22 CFR 33.5 - Guaranty agreements.
(a) Period in effect. Agreements are effective for a Fiscal Year beginning October 1 and ending on the next September 30. Applications submitted after October 1 are effective from the date the application and fee are mailed (determined by the postmark) through September 30.
(b) Guaranty agreement transfer. A guaranty agreement may, with the Secretary's prior consent, be transferred when a vessel which is the subject of a guaranty agreement is transferred to a new owner if the transfer occurs during the agreement period.
(c) Guaranty agreement renewal. A guaranty agreement may be renewed for the next agreement year by submitting an application form with the appropriate fee for the next year in accordance with the Secretary's annually published requirements regarding fees. Renewals are subject to the Secretary's approval.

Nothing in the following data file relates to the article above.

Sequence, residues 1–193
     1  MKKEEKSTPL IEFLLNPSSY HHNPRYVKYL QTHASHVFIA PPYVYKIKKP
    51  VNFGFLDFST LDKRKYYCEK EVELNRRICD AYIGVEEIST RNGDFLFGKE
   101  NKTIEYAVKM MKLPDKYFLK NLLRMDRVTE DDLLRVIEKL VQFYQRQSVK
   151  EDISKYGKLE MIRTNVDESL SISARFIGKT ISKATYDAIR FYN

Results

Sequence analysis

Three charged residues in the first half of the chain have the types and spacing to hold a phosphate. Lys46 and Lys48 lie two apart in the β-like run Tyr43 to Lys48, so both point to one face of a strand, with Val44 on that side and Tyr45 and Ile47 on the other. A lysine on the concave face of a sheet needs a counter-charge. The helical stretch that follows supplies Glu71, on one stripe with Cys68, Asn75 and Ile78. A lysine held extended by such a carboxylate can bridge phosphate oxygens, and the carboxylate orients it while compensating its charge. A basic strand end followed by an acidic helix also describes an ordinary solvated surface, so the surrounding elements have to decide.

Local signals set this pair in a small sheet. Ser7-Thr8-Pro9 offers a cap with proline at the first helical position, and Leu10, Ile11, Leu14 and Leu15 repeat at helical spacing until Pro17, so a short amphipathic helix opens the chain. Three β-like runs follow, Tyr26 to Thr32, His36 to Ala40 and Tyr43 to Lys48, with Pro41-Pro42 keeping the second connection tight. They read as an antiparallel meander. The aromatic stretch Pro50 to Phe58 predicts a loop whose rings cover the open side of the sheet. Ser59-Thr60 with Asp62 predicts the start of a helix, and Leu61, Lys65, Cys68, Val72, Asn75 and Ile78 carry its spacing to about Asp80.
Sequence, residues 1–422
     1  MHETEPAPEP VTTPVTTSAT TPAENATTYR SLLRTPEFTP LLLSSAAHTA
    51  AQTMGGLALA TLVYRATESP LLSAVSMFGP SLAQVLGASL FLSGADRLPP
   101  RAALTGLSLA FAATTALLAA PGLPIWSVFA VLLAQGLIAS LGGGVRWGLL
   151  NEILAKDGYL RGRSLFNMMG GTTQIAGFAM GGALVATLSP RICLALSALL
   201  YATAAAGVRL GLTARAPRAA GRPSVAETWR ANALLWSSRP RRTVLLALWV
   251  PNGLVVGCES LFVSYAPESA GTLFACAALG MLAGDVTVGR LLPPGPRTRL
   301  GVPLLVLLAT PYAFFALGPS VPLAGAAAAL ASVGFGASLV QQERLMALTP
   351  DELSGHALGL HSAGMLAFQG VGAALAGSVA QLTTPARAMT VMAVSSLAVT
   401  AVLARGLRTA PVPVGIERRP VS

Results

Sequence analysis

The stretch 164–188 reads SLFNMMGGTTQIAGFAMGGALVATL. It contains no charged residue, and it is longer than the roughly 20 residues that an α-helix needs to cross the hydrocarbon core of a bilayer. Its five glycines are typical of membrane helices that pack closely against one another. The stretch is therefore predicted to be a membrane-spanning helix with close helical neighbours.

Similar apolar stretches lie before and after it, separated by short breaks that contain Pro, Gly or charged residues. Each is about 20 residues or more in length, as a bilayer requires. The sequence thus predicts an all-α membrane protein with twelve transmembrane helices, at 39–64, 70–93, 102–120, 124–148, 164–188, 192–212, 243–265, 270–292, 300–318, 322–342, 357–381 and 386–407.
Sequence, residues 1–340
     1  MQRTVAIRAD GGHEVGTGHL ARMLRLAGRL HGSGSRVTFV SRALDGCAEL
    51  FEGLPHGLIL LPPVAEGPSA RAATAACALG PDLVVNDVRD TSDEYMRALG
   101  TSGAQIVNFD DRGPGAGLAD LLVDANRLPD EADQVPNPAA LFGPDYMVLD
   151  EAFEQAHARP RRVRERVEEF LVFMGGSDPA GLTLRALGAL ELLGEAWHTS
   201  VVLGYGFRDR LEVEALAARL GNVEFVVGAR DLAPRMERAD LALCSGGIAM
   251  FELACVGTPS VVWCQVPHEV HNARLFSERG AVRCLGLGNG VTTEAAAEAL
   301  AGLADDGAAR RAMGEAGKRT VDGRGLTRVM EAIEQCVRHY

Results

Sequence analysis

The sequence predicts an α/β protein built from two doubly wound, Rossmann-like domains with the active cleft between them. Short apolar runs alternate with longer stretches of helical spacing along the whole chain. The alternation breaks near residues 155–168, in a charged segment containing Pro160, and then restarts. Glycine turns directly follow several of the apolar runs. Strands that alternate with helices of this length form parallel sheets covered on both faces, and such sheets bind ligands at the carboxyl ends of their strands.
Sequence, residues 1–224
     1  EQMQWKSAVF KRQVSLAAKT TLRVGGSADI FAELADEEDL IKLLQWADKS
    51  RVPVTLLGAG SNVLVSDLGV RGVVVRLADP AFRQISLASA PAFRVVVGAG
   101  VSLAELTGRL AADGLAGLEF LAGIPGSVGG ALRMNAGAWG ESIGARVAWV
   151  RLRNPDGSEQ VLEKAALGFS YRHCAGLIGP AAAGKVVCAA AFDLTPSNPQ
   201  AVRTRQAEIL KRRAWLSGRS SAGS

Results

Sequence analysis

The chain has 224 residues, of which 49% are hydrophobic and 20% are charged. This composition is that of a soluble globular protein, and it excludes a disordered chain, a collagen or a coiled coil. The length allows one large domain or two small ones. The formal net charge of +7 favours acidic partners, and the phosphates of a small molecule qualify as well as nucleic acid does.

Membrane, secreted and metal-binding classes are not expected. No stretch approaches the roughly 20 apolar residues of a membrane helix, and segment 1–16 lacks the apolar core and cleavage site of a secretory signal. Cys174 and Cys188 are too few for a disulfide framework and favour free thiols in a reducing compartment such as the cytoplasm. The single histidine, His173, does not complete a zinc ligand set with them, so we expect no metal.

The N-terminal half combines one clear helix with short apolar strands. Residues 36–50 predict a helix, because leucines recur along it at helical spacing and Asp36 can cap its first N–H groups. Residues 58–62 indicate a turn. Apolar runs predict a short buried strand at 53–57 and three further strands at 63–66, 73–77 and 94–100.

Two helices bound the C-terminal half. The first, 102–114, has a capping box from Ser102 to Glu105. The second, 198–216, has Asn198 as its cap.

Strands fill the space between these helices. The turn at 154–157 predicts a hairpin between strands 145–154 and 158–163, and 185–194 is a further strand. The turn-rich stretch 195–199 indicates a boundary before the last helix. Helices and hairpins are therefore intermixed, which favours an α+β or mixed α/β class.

(d) Provisions of the agreement. The agreement will provide for reimbursement for certain losses caused by foreign countries' seizure and detention of U.S. fishing vessels on the basis of claims to jurisdiction which are not recognized by the United States. Recent amendments to the Magnuson Fishery Conservation and Management Act (16 U.S.C. (1801 et seq.) assert U.S. jurisdiction over highly migratory species of tuna in the U.S. exclusive economic zone (EEZ). Accordingly, as a matter of international law, the United States now recognizes other coastal states' claims to jurisdiction over tuna in their EEZ'S. This change directly affect certification of claims filed under the Fishermen's Protective Act. Participants are advised that this means that the Department will no longer certify for payment claims resulting from the seizure of a U.S. vessel while such vessel was fishing for tuna within the exclusive economic zone of another country in violation of that country's laws. Claims for detentions or seizures based on other claims to jurisdiction not recognized by the United States, or on the basis of claims to jurisdiction recognized by the United States but exercised in a manner inconsistent with international law as recognized by the United states, may still be certified by the Department.